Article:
• Strengthening graduate medical education funding and primary care training programs to ensure that the U.S. is training a sufficient number of internists with the skills needed to provide the highest quality care
  • Supporting the successful transition to quality based payments and new physician-led alternative payment models, as authorized by the bipartisan Medicare Access and CHIP Reauthorization Act (MACRA)
  • Redesigning quality measurement to make it clinically relevant, actionable and meaningful for doctors and patients alike
  • Addressing the high cost of prescription drugs
  • Reforming the broken medical liability system, including innovative options like no-fault health courts and safe harbors for following evidence-based practice guidelines
  • Reducing administrative burdens that interfere with the patient-physician relationship
We are also aware of areas where ACP’s policy objectives do not appear to be aligned with those of the new administration and Congress and may be more challenging:
  • We remain committed to sustaining the gains that the Affordable Care Act (ACA) has made in expanding coverage to tens of millions of people and driving down the uninsured rate to historic lows. While we will consider new approaches to help people get and keep coverage, the result should not be more Americans having to go without coverage or the loss of other key patient protections, such as removing the prohibition on health plans excluding or charging higher premiums to patients with pre-existing conditions. We will seek to address barriers to care created by high deductible plans, narrow networks, and rising premiums. We will also continue to advocate for expanding the Medicaid program to all persons up to 138% of the federal poverty level in all states.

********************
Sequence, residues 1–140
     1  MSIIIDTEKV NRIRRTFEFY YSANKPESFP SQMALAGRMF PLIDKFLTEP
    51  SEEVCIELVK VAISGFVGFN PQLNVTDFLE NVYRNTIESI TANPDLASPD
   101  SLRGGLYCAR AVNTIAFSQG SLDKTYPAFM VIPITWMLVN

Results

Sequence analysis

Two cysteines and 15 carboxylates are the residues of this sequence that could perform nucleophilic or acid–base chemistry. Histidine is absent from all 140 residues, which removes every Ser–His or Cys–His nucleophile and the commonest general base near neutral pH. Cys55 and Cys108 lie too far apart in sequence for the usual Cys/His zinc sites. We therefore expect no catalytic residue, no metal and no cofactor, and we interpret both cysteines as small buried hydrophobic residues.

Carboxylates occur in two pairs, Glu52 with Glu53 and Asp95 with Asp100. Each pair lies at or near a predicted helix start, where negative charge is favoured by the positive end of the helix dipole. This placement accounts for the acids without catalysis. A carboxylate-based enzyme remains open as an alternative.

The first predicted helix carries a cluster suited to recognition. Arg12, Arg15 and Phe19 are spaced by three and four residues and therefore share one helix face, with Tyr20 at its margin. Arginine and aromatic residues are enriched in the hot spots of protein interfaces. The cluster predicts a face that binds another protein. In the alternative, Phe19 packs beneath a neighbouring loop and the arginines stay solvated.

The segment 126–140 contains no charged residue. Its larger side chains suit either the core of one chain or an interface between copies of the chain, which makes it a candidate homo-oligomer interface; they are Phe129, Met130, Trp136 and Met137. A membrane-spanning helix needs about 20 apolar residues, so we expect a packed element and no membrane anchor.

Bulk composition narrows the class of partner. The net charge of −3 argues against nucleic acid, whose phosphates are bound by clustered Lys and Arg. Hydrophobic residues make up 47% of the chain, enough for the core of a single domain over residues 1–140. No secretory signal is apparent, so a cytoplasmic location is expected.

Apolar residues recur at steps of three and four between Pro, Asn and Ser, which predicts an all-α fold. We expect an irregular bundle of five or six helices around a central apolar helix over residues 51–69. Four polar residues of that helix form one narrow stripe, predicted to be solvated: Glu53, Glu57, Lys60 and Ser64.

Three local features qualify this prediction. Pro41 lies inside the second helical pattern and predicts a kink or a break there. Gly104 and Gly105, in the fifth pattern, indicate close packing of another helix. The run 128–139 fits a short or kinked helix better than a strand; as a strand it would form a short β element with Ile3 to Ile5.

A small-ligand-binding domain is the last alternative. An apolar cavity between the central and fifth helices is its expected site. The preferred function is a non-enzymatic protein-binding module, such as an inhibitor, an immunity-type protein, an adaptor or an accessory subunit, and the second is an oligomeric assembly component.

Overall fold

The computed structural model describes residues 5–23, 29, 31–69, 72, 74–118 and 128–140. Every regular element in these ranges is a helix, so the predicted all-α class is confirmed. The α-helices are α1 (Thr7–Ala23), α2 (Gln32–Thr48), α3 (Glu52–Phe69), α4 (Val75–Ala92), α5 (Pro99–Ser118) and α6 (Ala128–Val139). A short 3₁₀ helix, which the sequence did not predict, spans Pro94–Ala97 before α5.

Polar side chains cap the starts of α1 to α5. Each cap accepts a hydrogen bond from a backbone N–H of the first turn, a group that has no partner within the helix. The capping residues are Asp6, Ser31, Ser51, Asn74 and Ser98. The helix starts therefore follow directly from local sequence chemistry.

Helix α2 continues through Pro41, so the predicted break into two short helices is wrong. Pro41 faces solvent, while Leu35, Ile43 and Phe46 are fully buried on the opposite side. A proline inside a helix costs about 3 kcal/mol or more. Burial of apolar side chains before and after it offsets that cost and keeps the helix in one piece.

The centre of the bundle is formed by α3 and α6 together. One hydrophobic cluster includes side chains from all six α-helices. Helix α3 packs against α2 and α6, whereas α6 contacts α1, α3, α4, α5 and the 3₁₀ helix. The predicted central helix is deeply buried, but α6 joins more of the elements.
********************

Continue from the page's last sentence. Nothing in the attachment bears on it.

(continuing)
• We believe it is essential to continue the progress being made on addressing the health impacts of climate change. Climate change will have a catastrophic impact on health, both in the U.S. and globally. We must do everything possible to prevent a rollback of the commitments made by the U.S. and other countries to combat it.
  • We will continue to advocate for evidence-based policies to reduce injuries and deaths from firearms, included closing loopholes in the U.S. background check system, at both the federal and state levels.
Over the next few weeks, we will assess our advocacy priorities to determine how best to proceed given the election.
How can you help? Please email me with your thoughts on ACP advocacy priorities. Let your ACP chapter governors, U.S. and international, know if you have suggestions for them to take to the Board of Governors. And, if you are a U.S. member of the College, become a grassroots activist for internal medicine by joining our Advocates for Internal Medicine Network (AIMn). As a member of AIMn, you will get timely and concise updates on key developments in Congress, and what you can do to help us achieve our advocacy priorities in this new environment.
Nitin S. Damle, MD, MS, MACP
American College of Physicians

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November 17th, 2016